EU plans talks as tainted eggs scan­dal hits 17 coun­tries

The Detroit News - - Front Page - BY LORNE COOK As­so­ci­ated Press

Brussels — The Euro­pean Union said Fri­day that it plans to hold an ex­tra­or­di­nary meet­ing late next month over a grow­ing tainted egg scan­dal as it re­vealed that prod­ucts con­tam­i­nated with an in­sec­ti­cide have now spread to 17 coun­tries.

Mil­lions of eggs have been de­stroyed or pulled from su­per­mar­ket shelves since July 20, when it was made pub­lic that the pes­ti­cide Fipronil, which is dan­ger­ous to human health, was found mixed with an­other treat­ment sprayed on chick­ens for ticks, fleas and lice, known as Dega 16.

Al­most all lab tests show that only very low lev­els of Fipronil — seven to 10 times lower than the max­i­mum per­mit­ted — have been de­tected in eggs from the treated chick­ens, although one test in Bel­gium was above the Euro­pean limit. Poi­son­ing by small doses has few ef­fects and re­quires lit­tle treat­ment. Heavy and pro­longed ex- po­sure can dam­age the kid­neys and liver or cause seizures.

The scan­dal has caused ma­jor po­lit­i­cal fall­out, with neigh­bors Bel­gium, the Nether­lands and Ger­many squab­bling over who is to blame, and who knew what and when. Poul­try farm­ers have been hard­est hit, and are blam­ing the chem­i­cal in­dus­try for com­pro­mis­ing their busi­ness and ex­pos­ing con­sumers to dan­ger.

The EU’s ex­ec­u­tive Com­mis­sion said Fri­day that con­tam­i­nated eggs have been found at pro­duc­ers in four coun­tries; Bel­gium, France, Ger­many and the Nether­lands. Eggs or egg prod­ucts from those pro­duc­ers have reached Aus­tria, Bri­tain, Den­mark, Ire­land, Italy, Lux­em­bourg, Poland, Ro­ma­nia, Slove­nia, Slo­vakia and Swe­den, as well as Switzer­land and Hong Kong out­side the EU.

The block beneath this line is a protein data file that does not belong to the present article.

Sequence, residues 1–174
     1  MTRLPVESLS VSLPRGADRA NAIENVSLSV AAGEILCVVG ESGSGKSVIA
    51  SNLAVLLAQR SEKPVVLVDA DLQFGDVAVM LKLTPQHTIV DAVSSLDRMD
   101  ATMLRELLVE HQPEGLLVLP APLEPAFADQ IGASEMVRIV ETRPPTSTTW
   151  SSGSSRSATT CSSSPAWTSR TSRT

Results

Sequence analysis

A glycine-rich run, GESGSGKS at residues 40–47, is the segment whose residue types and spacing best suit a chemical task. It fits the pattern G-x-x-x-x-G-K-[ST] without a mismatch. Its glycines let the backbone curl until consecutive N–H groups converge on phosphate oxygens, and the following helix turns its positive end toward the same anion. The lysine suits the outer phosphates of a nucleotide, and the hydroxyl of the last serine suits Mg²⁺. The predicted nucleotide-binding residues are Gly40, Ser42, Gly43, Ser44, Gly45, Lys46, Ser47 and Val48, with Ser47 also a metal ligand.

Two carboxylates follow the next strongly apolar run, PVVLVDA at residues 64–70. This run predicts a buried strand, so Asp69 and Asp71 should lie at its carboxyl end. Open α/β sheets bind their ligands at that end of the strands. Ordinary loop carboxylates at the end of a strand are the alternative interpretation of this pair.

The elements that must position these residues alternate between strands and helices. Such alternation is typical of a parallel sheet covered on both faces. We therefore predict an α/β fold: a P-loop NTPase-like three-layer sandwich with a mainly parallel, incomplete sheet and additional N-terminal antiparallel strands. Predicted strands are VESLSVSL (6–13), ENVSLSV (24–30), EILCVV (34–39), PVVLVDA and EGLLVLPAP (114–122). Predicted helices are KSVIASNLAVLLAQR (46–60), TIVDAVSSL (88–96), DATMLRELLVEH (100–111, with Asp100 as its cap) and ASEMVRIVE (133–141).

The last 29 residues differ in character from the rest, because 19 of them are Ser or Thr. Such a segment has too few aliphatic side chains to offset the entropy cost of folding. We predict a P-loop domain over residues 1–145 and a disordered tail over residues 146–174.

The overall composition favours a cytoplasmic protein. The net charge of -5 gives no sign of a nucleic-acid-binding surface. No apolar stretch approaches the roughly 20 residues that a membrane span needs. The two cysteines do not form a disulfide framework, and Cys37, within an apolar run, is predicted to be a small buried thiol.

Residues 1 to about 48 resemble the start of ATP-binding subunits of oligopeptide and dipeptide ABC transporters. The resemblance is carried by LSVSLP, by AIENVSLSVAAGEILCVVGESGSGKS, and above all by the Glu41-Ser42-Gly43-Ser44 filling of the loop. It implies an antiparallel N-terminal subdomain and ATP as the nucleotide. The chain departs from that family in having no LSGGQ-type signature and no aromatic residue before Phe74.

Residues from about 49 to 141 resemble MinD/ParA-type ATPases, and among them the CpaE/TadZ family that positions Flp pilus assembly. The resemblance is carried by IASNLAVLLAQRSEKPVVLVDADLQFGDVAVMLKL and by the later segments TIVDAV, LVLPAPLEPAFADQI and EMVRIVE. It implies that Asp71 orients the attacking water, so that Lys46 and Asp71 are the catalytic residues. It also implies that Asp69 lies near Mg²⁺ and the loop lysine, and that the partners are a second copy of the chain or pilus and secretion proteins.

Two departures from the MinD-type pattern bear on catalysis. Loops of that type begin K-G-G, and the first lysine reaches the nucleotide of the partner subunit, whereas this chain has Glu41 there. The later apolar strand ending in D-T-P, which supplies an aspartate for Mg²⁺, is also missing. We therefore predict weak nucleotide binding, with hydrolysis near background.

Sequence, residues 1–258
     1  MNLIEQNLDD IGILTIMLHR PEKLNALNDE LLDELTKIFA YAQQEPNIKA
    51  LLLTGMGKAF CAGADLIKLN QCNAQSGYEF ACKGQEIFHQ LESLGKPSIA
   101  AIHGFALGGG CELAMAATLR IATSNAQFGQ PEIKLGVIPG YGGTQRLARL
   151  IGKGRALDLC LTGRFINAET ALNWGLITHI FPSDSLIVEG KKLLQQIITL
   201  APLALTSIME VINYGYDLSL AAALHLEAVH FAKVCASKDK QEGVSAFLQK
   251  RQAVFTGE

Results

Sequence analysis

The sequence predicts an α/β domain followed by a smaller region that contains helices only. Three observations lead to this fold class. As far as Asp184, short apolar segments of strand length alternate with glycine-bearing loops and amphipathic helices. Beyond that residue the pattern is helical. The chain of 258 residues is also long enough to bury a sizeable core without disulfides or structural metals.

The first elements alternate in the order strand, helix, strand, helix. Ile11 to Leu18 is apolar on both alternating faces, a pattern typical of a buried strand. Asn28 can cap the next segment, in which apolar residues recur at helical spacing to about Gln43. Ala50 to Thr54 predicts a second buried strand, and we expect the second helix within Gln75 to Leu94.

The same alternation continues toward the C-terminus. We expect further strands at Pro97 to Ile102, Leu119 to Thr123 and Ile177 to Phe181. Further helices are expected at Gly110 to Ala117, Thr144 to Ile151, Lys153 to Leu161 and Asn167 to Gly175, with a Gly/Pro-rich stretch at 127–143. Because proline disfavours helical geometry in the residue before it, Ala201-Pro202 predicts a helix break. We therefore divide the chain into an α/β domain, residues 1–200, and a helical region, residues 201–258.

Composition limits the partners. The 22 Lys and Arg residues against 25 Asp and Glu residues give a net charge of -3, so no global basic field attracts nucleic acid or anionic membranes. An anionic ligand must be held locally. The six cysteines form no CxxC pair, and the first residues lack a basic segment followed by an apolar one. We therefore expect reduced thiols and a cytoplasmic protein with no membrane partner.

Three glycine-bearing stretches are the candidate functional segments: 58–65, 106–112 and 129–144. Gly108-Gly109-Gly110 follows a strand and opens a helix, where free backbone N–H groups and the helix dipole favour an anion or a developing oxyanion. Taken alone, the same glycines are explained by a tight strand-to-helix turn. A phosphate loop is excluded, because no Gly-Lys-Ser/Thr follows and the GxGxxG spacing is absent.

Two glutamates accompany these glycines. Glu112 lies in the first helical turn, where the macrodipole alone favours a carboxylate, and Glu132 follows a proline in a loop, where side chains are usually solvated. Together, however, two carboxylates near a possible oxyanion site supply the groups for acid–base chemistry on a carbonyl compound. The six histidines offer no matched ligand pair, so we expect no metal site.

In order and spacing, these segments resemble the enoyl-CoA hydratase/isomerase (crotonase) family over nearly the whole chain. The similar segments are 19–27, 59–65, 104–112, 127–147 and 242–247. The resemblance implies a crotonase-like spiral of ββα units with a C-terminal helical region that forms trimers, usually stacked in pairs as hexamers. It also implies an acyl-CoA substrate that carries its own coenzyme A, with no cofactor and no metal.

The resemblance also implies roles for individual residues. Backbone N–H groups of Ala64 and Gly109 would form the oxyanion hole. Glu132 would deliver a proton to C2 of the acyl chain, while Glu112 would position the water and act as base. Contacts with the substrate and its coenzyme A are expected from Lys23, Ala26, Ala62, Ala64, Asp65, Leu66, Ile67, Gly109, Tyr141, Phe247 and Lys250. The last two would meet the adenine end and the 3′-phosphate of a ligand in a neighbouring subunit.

The Com­mis­sion an­nounced that it is aim­ing to hold talks be­tween EU min­is­ters and food safety agen­cies con­cerned on Sept. 26.

Con­tact us:

“The aim is to draw the rel­e­vant lessons and dis­cuss the ways to con­tin­u­ously im­prove the ef­fec­tive­ness of the EU sys­tem to deal with food fraud,” Com­mis­sion spokes­woman Mina An­dreeva said.

She said the EU’s “pri­or­ity re­mains to man­age the sit­u­a­tion, to con­tinue to co­or­di­nate and to re­as­sure our cit­i­zens.”

In France, Agri­cul­ture Min­is­ter Stephane Travert said that tests on im­ported eggs con­tam­i­nated with pes­ti­cide show no risk to pub­lic health.

Travert said on RMC ra­dio Fri­day that some 244,000 eggs im­ported from the Nether­lands and Bel­gium and sold in France were af­fected.

He said test re­sults re­ceived overnight from the French food safety agency on af­fected eggs and egg prod­ucts showed “the level of con­tam­i­na­tion does not present a risk for the con­sumer.”

France has also con­firmed one farm in the Nord-Pas de Calais re­gion was found to have used Fipronil, and is now blocked from sell­ing eggs.

The Agri­cul­ture Min­istry says the French farm re­ported on July 28, as the scan­dal was com­ing to light, that Dega 16 had been used on the farm by a Bel­gian sub­con­trac­tor, and the min­istry claims no eggs con­cerned have been sold.

Dan­ish food safety au­thor­i­ties say 20 tons of boiled and peeled eggs linked to the pes­ti­cide scan­dal were sold in re­cent months to a dis­trib­u­tor in Den­mark, which in turn sold them to can­teens, cafes and cater­ing com­pa­nies in the coun­try.

The agency said Dan­ish dis­trib­u­tor, Danaeg Prod­ucts, has been or­dered to re­call the eggs be­cause “the con­tent is il­le­gal” but “not dan­ger­ous.”

You can reach the Na­tional Desk by call­ing (313) 222-2533.

Photos by Vadim Ghirda / AP

The eggs scan­dal has caused po­lit­i­cal fall­out, with Bel­gium, the Nether­lands and Ger­many squab­bling over who’s to blame.

Poul­try farm­ers have been hard­est hit in an eggs scan­dal in Europe. Ex­perts say the risk of get­ting sick from eat­ing an egg tainted with in­sec­ti­cide is low.

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